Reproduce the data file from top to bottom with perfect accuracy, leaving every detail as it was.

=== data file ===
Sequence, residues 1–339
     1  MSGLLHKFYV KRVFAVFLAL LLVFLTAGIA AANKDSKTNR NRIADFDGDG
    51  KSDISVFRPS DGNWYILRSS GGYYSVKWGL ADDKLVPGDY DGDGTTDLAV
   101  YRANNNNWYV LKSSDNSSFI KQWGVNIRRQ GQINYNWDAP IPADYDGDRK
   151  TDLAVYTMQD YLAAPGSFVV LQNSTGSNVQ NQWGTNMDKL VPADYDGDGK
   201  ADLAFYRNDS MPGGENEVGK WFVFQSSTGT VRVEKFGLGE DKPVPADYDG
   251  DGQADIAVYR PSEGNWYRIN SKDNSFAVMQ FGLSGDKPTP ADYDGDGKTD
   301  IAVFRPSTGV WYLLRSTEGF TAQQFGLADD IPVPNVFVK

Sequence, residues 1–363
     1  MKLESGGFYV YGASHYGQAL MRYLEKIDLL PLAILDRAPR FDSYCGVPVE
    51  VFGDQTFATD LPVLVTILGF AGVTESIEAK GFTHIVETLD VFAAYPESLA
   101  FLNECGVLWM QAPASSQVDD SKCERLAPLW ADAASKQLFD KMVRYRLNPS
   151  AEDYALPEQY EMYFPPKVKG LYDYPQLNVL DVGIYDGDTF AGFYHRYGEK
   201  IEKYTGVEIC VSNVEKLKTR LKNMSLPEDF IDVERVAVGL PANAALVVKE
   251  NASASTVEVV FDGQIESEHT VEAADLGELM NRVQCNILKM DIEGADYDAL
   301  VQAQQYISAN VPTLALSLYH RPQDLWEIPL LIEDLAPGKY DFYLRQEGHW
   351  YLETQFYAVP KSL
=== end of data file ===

Sequence, residues 1–339
     1  MSGLLHKFYV KRVFAVFLAL LLVFLTAGIA AANKDSKTNR NRIADFDGDG
    51  KSDISVFRPS DGNWYILRSS GGYYSVKWGL ADDKLVPGDY DGDGTTDLAV
   101  YRANNNNWYV LKSSDNSSFI KQWGVNIRRQ GQINYNWDAP IPADYDGDRK
   151  TDLAVYTMQD YLAAPGSFVV LQNSTGSNVQ NQWGTNMDKL VPADYDGDGK
   201  ADLAFYRNDS MPGGENEVGK WFVFQSSTGT VRVEKFGLGE DKPVPADYDG
   251  DGQADIAVYR PSEGNWYRIN SKDNSFAVMQ FGLSGDKPTP ADYDGDGKTD
   301  IAVFRPSTGV WYLLRSTEGF TAQQFGLADD IPVPNVFVK

Sequence, residues 1–363
     1  MKLESGGFYV YGASHYGQAL MRYLEKIDLL PLAILDRAPR FDSYCGVPVE
    51  VFGDQTFATD LPVLVTILGF AGVTESIEAK GFTHIVETLD VFAAYPESLA
   101  FLNECGVLWM QAPASSQVDD SKCERLAPLW ADAASKQLFD KMVRYRLNPS
   151  AEDYALPEQY EMYFPPKVKG LYDYPQLNVL DVGIYDGDTF AGFYHRYGEK
   201  IEKYTGVEIC VSNVEKLKTR LKNMSLPEDF IDVERVAVGL PANAALVVKE
   251  NASASTVEVV FDGQIESEHT VEAADLGELM NRVQCNILKM DIEGADYDAL
   301  VQAQQYISAN VPTLALSLYH RPQDLWEIPL LIEDLAPGKY DFYLRQEGHW
   351  YLETQFYAVP KSL